A United Nations-chaired international group of countries and organizations supporting the consolidation of peace in war-ravaged Somalia has been slated to hold a high-level meeting ahead of a Security Council gathering focusing on the Horn of Africa nation.
The International Contact Group (ICG), led by Ahmedou Ould-Abdallah, the Secretary-General''s Special Representative, is expected to condemn a dispute which has flared up between the President and Prime Minister of the Transitional Federal Government (TFG), which is threatening the UN-backed peace process signed by rival factions in recent months.
“It is my understanding that the continued dispute within an already weak TFG, as reflected in today''s statements coming from Baidoa, is rejected by the vast majority of Somalis, as well as by the regional organization the Intergovernmental Authority on Development (IGAD) and all members of the international community starting with my Office,” said the Special Representative.
United States Secretary of State, Condoleeza Rice, is scheduled to join several high-ranking ministers attending parts of the discussion during the day-long meeting at UN Headquarters in New York on 16 December.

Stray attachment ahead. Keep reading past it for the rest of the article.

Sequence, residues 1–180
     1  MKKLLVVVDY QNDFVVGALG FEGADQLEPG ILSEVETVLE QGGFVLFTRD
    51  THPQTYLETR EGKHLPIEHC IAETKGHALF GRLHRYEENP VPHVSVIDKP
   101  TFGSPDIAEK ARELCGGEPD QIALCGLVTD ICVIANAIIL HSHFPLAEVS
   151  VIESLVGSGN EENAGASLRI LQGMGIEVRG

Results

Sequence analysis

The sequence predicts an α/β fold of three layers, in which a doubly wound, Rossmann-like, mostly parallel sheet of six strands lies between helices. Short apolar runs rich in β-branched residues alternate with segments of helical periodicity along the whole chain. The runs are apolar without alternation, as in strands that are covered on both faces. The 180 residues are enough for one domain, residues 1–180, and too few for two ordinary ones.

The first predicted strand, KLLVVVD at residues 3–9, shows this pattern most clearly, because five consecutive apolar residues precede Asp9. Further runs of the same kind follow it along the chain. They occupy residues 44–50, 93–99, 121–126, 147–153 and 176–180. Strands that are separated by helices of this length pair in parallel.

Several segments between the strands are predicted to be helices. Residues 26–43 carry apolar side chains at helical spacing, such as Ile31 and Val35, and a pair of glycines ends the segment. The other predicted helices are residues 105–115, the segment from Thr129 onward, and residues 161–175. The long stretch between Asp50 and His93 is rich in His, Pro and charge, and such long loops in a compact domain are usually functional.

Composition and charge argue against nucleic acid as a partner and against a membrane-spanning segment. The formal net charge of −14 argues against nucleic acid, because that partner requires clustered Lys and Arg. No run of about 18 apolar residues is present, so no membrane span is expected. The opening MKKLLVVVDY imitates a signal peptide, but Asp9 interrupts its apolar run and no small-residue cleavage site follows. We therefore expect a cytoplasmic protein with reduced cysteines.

“We are expecting a large number of participants to attend the Contact Group meeting at a very senior level,” said Mr Ould-Abdallah.
Key issues relating to the political, security and humanitarian situation in Somalia - including political cooperation, human rights, piracy and reconstruction and development - are on the meeting''s agenda, planned shortly before a Security Council meeting which is expected to include piracy on its talking points.
“However the international community''s efforts will remain limited unless the Somalis themselves make major efforts to unite and work together towards ending the conflict,” stressed Mr. Ould-Abdallah.
“The Somali leadership within the TFG, Alliance for the Re-liberation of Somalia (ARS) and other groups must know that peace is irreversible. The days of unnecessary confrontation are numbered and can only lead to more violence.”
Somalia has been beset by fighting and massive humanitarian suffering for the past two decades but the violence has reignited this year, particularly in and around the capital, Mogadishu, and caused widespread displacement.
The Representative led talks that resulted in June''s Djibouti Agreement, under which the TFG and the opposition ARS agreed to end their conflict and called on the UN to deploy an international stabilization force to the troubled nation, which has not had a functioning national government since 1991.